Wellington and Lucinda

by David Johnson

The sons of Charles Wilson, grandson of John Wilder Wilson and great-grandson of John Willson, Jr., Wellington, or “W.D.” as he was usually referred to in later life, is the first of the Wilson line whose photograph has made its way down to us through the generations. For a great many years the only photograph I had ever seen of Wellington was that from approximately 1894 showing W.D., his wife Lucinda and their infant son, William David “Bill” Wilson. The only notable features of the man were his close-cropped hair and trimmed, but droopy mustache. In all respects, a very average looking individual, exactly what one might have expected. Then several years ago I obtained another photo, this one from around 1910 or so, showing a much altered W.D. Wilson. With his son Jerry standing beside him, W.D. has long, wavy dark hair reaching his shoulders, a broad sweep of a mustache and the slightest beard beneath his lower lip. He certainly looks like a Wild Bill Hickock character from an old western movie! Maybe the rough and tumble nature of turn of the century South Dakota had something to do with his much changed physical appearance. Whatever the case… this remains one of my favorite ancestral photographs to this day.

W.D. Wilson was born in Louisville, New York on 27 November 1859. However, beyond that not much else can be stated about his early life as there is no further major documentation until his August 31, 1879 marriage to Lucinda Blanche Davis in West Union, Iowa. The following year’s 1880 federal census found the newlywed couple living in nearby Eden, Iowa. He was listed as a “mail carrier” in the census though the enumerator identified him as “William D. Wilson” and his wife as “Blanche L.” Wilson We know these are our ancestors though as their ages and places of birth match correctly.

We are best able to follow W.D. in his several relocations by the various dates and places of birth for his children. The eldest child, Maud Ethel Wilson, was born in 1881 in West Union. However, by 1884 the family had moved to Knox county, Nebraska where Jerry, Carl, Caroline, Pearl and Bill were born between 1884-1893. Perhaps W.D. and family were still struggling to establish themselves financially by 1885 as the Nebraska state census of that year lists him as a “servant.” Also enumerated in his household was a 19 year old female named Lizzie Davis whose occupation was also listed as “servant.” This may very well be a sister or cousin of W.D.’s wife, Lucinda.

It also may very well be that W.D. had financial help at times from his father-in-law John Davis as well as his own father, Charles. There are a number of land transactions on file in the Knox county courthouse from the 1880’s involving a John Davis, usually accompanied by a Lucy Wilson. Pending further study of the transactions I’m not sure who was garnering the lion’s share of the profits from these land deals. Also, is it merely coincidence that W.D.’s father-in-law lived in the same county (same precinct in fact) and was listed as running a livery barn? This is the same occupation that W.D.Wilson held for many years after his wife’s death and his subsequent move to Sisseton, South Dakota. Perhaps his father-in-law offered W.D. financial help to establish himself in his own business after first working for him in his livery business?

As for Lucinda, there is very little that can be offered to enlighten the early years of her life. She was born in or near Allenville, Missouri in1859 to John Davis and his wife Celia Murphy Davis. However, by the next year her parents had moved to West Union, Iowa where she ultimately met and wed W.D..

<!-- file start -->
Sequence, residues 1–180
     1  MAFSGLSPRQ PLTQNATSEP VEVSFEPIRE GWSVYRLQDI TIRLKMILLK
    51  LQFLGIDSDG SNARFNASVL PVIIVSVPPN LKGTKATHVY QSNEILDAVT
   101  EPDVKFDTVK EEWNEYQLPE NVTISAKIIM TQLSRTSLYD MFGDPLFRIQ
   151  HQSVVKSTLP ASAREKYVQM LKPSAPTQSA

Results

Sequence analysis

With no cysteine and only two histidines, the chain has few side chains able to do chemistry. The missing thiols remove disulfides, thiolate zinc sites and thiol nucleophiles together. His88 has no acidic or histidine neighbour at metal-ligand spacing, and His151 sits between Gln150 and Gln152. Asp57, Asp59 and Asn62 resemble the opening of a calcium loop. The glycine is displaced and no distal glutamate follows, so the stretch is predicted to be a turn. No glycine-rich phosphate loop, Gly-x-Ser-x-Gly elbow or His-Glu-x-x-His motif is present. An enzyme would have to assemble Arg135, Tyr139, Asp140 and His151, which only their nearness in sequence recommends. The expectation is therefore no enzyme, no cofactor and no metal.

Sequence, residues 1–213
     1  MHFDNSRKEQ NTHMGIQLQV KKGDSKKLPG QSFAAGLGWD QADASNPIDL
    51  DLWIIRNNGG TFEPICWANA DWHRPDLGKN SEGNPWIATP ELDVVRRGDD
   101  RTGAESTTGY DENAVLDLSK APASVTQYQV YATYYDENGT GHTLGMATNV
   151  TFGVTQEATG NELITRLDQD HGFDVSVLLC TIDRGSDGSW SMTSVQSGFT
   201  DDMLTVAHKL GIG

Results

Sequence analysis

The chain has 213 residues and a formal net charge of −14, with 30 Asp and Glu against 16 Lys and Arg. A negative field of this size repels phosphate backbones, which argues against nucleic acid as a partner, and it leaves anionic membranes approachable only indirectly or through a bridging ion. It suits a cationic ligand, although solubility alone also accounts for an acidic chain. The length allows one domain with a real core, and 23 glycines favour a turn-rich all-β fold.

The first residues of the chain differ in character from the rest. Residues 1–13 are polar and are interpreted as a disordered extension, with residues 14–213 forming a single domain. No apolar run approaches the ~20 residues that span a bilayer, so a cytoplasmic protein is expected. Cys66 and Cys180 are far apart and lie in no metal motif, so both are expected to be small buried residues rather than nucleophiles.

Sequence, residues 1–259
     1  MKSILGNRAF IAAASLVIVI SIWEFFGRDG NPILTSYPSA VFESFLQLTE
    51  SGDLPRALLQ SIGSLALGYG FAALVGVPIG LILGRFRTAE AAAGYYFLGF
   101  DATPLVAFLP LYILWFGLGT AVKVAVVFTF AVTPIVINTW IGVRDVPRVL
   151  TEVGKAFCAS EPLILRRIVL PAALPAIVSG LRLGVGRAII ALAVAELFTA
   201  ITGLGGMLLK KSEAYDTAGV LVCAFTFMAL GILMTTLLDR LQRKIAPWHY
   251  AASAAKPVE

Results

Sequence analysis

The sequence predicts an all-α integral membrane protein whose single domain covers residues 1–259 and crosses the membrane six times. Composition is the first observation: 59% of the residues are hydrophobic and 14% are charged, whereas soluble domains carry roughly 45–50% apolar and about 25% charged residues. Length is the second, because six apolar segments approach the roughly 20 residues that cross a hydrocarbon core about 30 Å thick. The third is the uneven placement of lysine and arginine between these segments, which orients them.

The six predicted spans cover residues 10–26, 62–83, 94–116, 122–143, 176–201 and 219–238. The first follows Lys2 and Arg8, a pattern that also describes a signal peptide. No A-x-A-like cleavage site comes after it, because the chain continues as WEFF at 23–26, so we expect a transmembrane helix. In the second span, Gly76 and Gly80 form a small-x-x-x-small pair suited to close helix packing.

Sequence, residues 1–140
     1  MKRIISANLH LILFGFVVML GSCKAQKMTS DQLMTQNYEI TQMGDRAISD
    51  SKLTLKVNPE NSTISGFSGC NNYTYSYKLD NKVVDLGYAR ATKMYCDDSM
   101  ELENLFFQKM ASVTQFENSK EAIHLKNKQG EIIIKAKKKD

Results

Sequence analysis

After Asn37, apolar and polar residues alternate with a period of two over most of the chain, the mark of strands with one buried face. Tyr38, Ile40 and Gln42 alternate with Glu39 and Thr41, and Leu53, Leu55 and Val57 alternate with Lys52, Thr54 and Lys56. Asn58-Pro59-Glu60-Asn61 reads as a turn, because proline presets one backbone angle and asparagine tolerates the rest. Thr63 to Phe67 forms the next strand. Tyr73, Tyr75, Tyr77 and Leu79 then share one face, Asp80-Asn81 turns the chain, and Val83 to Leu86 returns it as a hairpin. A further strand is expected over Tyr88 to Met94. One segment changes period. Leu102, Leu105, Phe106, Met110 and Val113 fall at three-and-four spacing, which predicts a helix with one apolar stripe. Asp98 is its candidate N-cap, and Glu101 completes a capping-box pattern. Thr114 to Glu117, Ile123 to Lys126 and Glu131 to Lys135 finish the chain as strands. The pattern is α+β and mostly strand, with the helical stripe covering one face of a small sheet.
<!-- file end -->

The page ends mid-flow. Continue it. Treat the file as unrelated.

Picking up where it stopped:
With the death of his wife in 1894, W.D. found himself remarried to Betsey Olsen and in Sisseton, South Dakota by the next year. Together they had three children, all girls. W.D. continued to run a livery barn (or garage/livery barn as noted in the 1920 census) for the remainder of his life. Whether out of financial necessity or simply a custom they had grown comfortable with, the Wilsons had a boarder in the home with them in each of the censuses from 1900 through 1920.

W.D.Wilson died in 1923 and it is interesting to note that all of his children attended the funeral except for a son, Carl Wilson, who lived further south in the state near the Rosebud Indian Reservation. The newspaper obituary noted W.D.’s close ties with his family. Still, I cannot help but wonder just how much the death of Lucinda loosened some of the familial ties here. Of W.D.’s six children by Lucinda, only one (Caroline) is living with him by the time of the 1900 census! Granted, Maud married H.B.Carter in March of that year and would no longer be living in her father’s household. But what of the others? Pearl, at age eleven, is living with her grandfather, John Davis in Iowa. Bill was living with his aunt Anna Davis Hubbard and her husband Irwin. To this point, I have been unable to locate the residences of 16 year old Jerry and 15 year old Carl for that year. Jerry ultimately settled in Sisseton but Carl resided in Nebraska for a number of years before moving to the Witten, South Dakota area. So… did financial considerations keep Carl Wilson away from his father’s funeral or was there another, perhaps more painfully personal, reason for his absence? The latter may well be the case as Carl’s son, Ozzie, recalled many years later that neither his father nor his Uncle Bill Hubbard ever really understood the necessity of breaking up the family in this manner. Perhaps W.D.’s new wife, Bessie, played a role in this decision to split up the children? Unfortunately, it seems unlikely that we will ever know the truth of the matter.